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datatime: 2022-12-04 06:36:52 Author:aQUKrWLl

'Very glad for him,' Morris managed to say.

'But doubtless in arrears,' Lawford said sarcastically. He was still angry at Sharpe for having tried to shoot McCandless, and the musket's misfire had not placated him.

'Sir!' Morris upset his chair as he stood up, then he plucked his red coat off the floor where it had fallen with the chair.

Baird found a shirt-sleeved Captain Morris frowning at his paperwork in the company of an oddly malevolent-looking sergeant who, at the General's unannounced arrival, sprang to quivering attention. Morris hastily placed his cocked hat over a tin mug that Baird suspected was full of arrack. 'Captain Morris?' the General asked.

'I wouldn't waste your time, Shee, on trifles, but I'm obliged for your help, though.'

'Found a replacement, have you?' Baird asked.

Thus Sharpe went to meet his new comrades and readied himself to face a new enemy. His own side.

'Very glad for him,' Morris managed to say.

General David Baird did not feel guilty about Sharpe and Lawford, for they were soldiers and were paid to take risks, but he did feel responsible for them. The fact that neither the British nor Indian cavalry patrols had discovered the two men suggested that they might well have reached Seringapa-tam, but the more Baird thought about their mission the less sanguine he was about its successful completion. It had seemed a good idea when he had first thought of it, but two days' reflection had diluted that initial hope with a score of reservations. He had always suspected that even with the help of Ravi Shekhar their chances of rescuing McCandless were woefully small, but at the very least he had hoped they might learn McCandless's news and succeed in bringing it out of the city, but now he feared that neither man would even survive. At best, he thought, the two men could only hope to escape execution by joining the Tippoo's forces, which would mean that both Sharpe and Lawford would be in enemy uniform when the British assaulted the city. There was litde Baird could do about that, but he could prevent a dreadful miscarriage of justice following the city's fall, and so that night, when the two armies' great encampment was established just a few days' march from their goal, Baird sought out the lines of the 33rd.

'But doubtless in arrears,' Lawford said sarcastically. He was still angry at Sharpe for having tried to shoot McCandless, and the musket's misfire had not placated him.

Baird smiled at Morris. 'You lost two men this week, Captain, did you not?'

'Thank you, sir.' Sergeant Hakeswill's stiff posture unbent a fraction.

Baird found a shirt-sleeved Captain Morris frowning at his paperwork in the company of an oddly malevolent-looking sergeant who, at the General's unannounced arrival, sprang to quivering attention. Morris hastily placed his cocked hat over a tin mug that Baird suspected was full of arrack. 'Captain Morris?' the General asked.

Baird found a shirt-sleeved Captain Morris frowning at his paperwork in the company of an oddly malevolent-looking sergeant who, at the General's unannounced arrival, sprang to quivering attention. Morris hastily placed his cocked hat over a tin mug that Baird suspected was full of arrack. 'Captain Morris?' the General asked.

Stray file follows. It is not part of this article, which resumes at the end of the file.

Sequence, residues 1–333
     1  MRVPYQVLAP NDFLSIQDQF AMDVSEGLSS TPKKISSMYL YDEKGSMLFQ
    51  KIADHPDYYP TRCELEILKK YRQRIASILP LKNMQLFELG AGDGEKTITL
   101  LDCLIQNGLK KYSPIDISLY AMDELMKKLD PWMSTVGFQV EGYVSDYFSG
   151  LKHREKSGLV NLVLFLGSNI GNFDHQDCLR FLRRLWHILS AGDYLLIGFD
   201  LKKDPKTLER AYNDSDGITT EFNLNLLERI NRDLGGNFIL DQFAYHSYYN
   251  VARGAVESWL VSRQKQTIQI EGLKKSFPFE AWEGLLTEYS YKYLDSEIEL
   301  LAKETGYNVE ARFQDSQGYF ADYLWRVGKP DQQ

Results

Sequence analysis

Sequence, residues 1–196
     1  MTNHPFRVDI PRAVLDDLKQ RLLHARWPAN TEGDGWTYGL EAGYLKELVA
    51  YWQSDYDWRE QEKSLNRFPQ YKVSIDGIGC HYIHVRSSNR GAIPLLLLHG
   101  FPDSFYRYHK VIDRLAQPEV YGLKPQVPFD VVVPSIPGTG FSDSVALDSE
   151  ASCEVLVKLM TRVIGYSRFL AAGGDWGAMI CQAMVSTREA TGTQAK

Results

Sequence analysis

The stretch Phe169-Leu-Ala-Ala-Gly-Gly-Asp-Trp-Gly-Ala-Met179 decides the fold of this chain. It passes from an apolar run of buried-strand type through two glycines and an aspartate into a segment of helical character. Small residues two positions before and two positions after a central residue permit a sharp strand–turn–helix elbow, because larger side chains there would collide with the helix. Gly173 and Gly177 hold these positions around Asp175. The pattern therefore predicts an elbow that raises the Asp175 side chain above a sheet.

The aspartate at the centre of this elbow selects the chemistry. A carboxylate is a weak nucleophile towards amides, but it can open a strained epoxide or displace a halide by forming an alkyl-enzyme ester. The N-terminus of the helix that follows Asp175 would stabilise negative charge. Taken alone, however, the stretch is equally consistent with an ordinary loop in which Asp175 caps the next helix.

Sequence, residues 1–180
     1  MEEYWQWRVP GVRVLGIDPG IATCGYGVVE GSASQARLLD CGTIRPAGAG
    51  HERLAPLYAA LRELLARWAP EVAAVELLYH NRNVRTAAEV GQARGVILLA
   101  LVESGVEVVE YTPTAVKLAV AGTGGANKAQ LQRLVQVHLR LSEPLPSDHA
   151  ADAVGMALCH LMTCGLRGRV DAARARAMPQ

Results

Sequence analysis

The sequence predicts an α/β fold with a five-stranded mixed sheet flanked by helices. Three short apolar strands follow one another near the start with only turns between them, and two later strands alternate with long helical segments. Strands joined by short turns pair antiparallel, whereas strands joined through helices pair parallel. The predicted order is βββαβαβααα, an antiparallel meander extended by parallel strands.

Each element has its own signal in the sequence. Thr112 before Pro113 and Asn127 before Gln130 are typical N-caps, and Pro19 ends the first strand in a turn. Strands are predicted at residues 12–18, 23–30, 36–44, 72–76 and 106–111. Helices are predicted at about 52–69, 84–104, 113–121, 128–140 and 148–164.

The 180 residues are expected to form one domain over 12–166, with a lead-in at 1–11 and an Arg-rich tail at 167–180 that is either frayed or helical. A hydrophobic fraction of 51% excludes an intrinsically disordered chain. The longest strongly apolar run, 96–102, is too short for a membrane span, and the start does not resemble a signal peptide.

Thus Sharpe went to meet his new comrades and readied himself to face a new enemy. His own side.

Major Shee seemed alarmed at the General's sudden appearance, but Baird soothed the Major and explained he had a little business with the Light Company. 'Nothing to trouble you, Major. Just an administrative matter. A triviality.'

'Very glad for him,' Morris managed to say.

Baird found a shirt-sleeved Captain Morris frowning at his paperwork in the company of an oddly malevolent-looking sergeant who, at the General's unannounced arrival, sprang to quivering attention. Morris hastily placed his cocked hat over a tin mug that Baird suspected was full of arrack. 'Captain Morris?' the General asked.

'Sit you down, man,' Baird said, trying to put the Captain at his ease. 'Sit you down. May I?' Baird gestured at Morris's cot, asking permission to use it as a chair. 'Thank you kindly,' Baird said, then he sat, took off his plumed hat and fanned his face with its brim. 'I think I've forgotten what cold weather is like. Do you think it still snows anywhere? My God, but it saps a man, this heat. Saps him. Do relax, Sergeant.'

'Thank you, sir.' Sergeant Hakeswill's stiff posture unbent a fraction.

'Very glad for him,' Morris managed to say.

'Look after yourself, lass,' Sharpe said, and watched her follow the tall Indian officer out of the courtyard.

'The pay is always in arrears,' Gudin admitted cheerfully, 'but in what army is the pay ever on time? Officially you earn a haideri a day, though you will rarely receive it, but I can promise you other consolations. Now come.' He summonedDoctor Venkatesh who retrieved his basket and followed Gudin out of the palace.

Major Shee seemed alarmed at the General's sudden appearance, but Baird soothed the Major and explained he had a little business with the Light Company. 'Nothing to trouble you, Major. Just an administrative matter. A triviality.'

'But doubtless in arrears,' Lawford said sarcastically. He was still angry at Sharpe for having tried to shoot McCandless, and the musket's misfire had not placated him.

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